The Wildernesse Restaurant, designed by Morris + Company, plays with wood construction and typological precedents, all despite a small budget.
The United Kingdom’s county of Kent connects London with the southeast coast and, on account of its abundant orchards and greenery, is known as the “Garden of England.” Here, in the town of Sevenoaks, to be precise, sit the rolling hills of the Wildernesse Estate, with Wildernesse House at its center. Built in the mid-18th century, this Grade II—protected Georgian mansion was home to aristocrat and philanthropist Baron Hillingdon during the 19th century. Later it served a variety of functions before being bought by PegasusLife, a retirement housing group, in 2013. The mansion is now the center of a retirement community where the first residents are due to arrive in the coming months.
Directly behind the house is the new Wildernesse Restaurant, the latest piece of London-based Morris + Company’s master-planning project on the site, which also includes a set of mews houses and apartment blocks to come. The £1.9 million pavilion is designed to provide the community’s residents with a social hub on the site while inviting in those from the surrounding area. “It’s all part of a community-wide piece of the estate,” explains founding director Joe Morris. “Anybody can get in; it’s very much a public offer.”
Inside, the restaurant is primarily characterized by its cross-laminated timber (CLT) structure that is left exposed, forming a grid of columns supporting timber arches and a vaulted ceiling. The vaults serve as a spatial device as much as a structural one by dividing the restaurant into squares, beneath which tables neatly sit. CLT is very much the material of the moment thanks to its ecological advantages, and new projects that employ it in a novel way often feel like manifestos of sorts. (Embodied carbon for CLT projects can be remarkably low; this project, for example, is considered to have an embodied carbon emission of –48 tons.)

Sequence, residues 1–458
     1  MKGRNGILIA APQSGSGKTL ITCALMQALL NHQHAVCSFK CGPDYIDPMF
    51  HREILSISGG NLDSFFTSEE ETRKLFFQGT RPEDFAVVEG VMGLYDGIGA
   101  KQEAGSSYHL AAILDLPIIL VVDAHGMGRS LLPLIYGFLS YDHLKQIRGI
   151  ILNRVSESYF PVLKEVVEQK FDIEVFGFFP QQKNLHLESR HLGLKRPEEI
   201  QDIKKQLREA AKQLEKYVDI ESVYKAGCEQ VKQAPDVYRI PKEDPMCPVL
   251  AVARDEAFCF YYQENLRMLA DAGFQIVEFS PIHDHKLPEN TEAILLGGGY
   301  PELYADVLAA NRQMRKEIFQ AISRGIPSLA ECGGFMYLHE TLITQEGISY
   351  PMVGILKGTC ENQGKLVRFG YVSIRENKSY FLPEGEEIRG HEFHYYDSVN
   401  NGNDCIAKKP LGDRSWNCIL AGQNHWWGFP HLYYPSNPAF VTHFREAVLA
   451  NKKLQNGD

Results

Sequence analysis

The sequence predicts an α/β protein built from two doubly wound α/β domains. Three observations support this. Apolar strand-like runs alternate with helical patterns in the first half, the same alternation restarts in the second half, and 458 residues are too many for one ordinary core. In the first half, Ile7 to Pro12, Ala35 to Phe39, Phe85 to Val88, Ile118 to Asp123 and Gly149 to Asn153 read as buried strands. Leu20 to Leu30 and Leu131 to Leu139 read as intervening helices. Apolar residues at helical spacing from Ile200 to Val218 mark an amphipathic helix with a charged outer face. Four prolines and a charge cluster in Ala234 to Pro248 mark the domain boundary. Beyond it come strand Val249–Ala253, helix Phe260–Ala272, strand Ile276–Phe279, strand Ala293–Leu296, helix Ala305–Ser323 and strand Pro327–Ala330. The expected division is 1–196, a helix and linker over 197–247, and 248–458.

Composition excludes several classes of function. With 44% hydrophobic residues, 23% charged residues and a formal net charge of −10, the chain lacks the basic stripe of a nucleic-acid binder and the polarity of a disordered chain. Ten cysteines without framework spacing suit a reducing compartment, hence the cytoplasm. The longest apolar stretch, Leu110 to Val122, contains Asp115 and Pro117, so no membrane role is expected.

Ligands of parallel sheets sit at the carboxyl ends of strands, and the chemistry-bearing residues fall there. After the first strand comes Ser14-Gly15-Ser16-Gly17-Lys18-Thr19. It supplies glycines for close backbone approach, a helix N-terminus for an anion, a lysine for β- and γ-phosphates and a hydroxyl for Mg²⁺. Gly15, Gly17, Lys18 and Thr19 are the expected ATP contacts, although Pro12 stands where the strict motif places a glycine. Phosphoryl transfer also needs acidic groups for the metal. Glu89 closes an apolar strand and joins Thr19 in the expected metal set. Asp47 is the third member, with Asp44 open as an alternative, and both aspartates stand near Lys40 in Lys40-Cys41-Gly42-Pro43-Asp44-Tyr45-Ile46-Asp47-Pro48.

CLT use at Wildernesse Restaurant is, unfortunately, one of the weaker claims for the material. Owing to the formal complexity of the roof structure and a tight budget, the CLT’s inconsistent joints and cracks appear clumsy amid the regal and refined surroundings. Morris faults the struggles of working under a design-build contract, which reduces the role of the architect in overseeing final design quality. “That was really the challenge,” he explains, “just trying to get a highly crafted and bespoke building with local trades and local experience.”
Elsewhere the architects use simple, thoughtful moves to make the most of the constraints. The large windows and freshness of the exposed CLT create a naturally bright atmosphere in marked contrast to the dimmer environs of a typical retirement home. (That said, this is not a typical facility; apartments in the mansion start at over £1.1 million, and promotional images feature guests driving vintage sports cars.) In addition, the restaurant provides ample views of the estate’s greenery while subtly complementing the adjacent mansion: The light biscuity beige of the mansion’s brickwork is reflected in the aluminum and both buildings’ arched windows.
The spaces beneath the ceiling vaults are of generous height and establish natural dining areas, while two raised vaults in the center create a roof lantern that casts gentle afternoon shadows. Moments such as these give the pavilion an elegance befitting its main typological ancestor, “the Victorian orangery,” says Morris, citing a reference as antiquely English as the tea and biscuits to be served inside.